Bringhurst, looking back in time, but really back

I had already written some notes about Robert Bringhurst, right after having met him personally in Helsinki some months ago. His Everywhere Being is Dancing – twenty pieces of thinking is perhaps less known than his famous book The Elements of Typography. It is however one of the collection of essays that I have read with most trepidation in a long, long time. Perhaps the main point is the difference between Bringhurst’s ideas and those of most of the rest of people: his perspective when discussing poetry, war, society, language, tools, singing, voices, stories puts to shame our extremely narrow interval. Instead of just looking at just thirty centuries of literature, as we usually do (when we want something remote we think Homer or some books of the Hebrew Bible), he ponders perhaps a couple of hundred centuries, he traces our bearings in language, in poetry, in mathematics even, as part of a development started sixty, seventy thousand years ago – the written sentence being much more recent and perhaps ephemeral than we want to admit.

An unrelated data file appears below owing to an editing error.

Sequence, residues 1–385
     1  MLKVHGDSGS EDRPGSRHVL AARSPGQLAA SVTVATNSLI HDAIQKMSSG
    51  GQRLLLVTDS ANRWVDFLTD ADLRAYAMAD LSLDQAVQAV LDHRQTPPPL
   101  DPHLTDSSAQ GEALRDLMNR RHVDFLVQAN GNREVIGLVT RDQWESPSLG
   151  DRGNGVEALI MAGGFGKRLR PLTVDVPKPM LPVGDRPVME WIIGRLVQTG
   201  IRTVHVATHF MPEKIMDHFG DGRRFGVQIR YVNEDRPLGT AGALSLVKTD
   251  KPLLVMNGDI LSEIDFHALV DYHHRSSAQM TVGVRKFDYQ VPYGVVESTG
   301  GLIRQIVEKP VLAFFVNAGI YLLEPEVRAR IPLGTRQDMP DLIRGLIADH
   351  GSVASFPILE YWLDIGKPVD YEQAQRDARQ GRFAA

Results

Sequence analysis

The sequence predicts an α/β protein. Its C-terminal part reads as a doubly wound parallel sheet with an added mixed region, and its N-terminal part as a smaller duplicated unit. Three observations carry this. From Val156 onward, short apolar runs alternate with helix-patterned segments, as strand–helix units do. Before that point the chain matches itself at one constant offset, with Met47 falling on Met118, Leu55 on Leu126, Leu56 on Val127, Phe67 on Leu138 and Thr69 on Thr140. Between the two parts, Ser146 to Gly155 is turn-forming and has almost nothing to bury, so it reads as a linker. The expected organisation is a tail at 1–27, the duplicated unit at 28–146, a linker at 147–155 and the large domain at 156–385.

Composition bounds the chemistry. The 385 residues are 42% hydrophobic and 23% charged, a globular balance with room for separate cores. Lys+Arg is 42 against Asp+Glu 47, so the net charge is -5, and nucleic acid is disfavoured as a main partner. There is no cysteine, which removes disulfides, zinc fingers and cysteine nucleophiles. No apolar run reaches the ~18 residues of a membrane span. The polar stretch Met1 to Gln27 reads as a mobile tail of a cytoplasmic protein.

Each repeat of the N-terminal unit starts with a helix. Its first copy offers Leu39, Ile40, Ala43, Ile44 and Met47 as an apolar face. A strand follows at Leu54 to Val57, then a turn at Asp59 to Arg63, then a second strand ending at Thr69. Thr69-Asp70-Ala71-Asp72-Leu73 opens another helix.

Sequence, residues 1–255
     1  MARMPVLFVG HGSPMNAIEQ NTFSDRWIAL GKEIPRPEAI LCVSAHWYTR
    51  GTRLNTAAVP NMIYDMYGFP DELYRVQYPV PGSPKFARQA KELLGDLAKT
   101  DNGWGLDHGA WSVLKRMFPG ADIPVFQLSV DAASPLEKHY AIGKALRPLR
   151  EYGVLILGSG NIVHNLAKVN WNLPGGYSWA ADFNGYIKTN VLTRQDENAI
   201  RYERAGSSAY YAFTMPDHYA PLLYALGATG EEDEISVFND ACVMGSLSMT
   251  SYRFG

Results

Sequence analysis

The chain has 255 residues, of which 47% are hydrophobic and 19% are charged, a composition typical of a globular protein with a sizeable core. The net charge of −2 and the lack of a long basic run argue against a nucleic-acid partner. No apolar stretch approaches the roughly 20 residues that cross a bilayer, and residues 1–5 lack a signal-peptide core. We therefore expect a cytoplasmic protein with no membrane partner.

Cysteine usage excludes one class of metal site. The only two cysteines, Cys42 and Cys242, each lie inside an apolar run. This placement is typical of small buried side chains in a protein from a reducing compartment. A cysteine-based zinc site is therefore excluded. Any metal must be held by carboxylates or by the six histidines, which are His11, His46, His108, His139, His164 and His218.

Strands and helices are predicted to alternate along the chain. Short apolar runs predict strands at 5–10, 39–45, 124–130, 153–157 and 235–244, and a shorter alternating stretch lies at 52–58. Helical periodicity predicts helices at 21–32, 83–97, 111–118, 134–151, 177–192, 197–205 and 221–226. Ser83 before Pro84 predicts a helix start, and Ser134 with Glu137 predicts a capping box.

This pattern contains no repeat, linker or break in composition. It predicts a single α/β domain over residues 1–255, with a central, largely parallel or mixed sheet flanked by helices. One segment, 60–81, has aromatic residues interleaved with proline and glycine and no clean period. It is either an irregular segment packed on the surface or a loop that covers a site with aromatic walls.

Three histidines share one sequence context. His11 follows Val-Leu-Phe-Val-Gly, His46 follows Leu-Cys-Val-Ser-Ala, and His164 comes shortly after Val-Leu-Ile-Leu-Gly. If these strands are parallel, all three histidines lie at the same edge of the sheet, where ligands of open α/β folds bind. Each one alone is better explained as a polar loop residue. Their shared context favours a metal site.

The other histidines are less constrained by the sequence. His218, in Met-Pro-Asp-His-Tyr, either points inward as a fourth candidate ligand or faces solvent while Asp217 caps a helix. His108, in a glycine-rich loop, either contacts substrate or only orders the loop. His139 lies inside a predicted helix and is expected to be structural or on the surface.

I have to incorporate some of his ideas in a couple of things I am writing. I won’t elaborate more on this at this point – but I do want to quote an excerpt of his essay A Poet and a War on Avdo Međedović, a Montenegrin poet and the permanence of the tradition of epic poetry in the Mediterranean since Agamemnon’s time. But here is the quote:

War in its twenty-first century glory is the nightmare of industrial technology, but the war that most affects my daily life is the Four Century War (c. 1500-c.1900) fought between invading Europeans and retreating Native Americans for the land in which I live. That war, rarely mentioned in the textbooks, left more than six million dead in North America alone, yet it was fought with minimal equipment and very little centralized command. The most devastating weapons used were biological – smallpox bacilli in particular. These agents were often delivered haphazardly, by preindustrial means, yet their effectiveness was huge.

Robert Bringhurst, speaking at the Helsinki Mathematics Department on the structure of Navajo Poetry (in Cháálatsoh, the Origin of Horses). Photo: AV.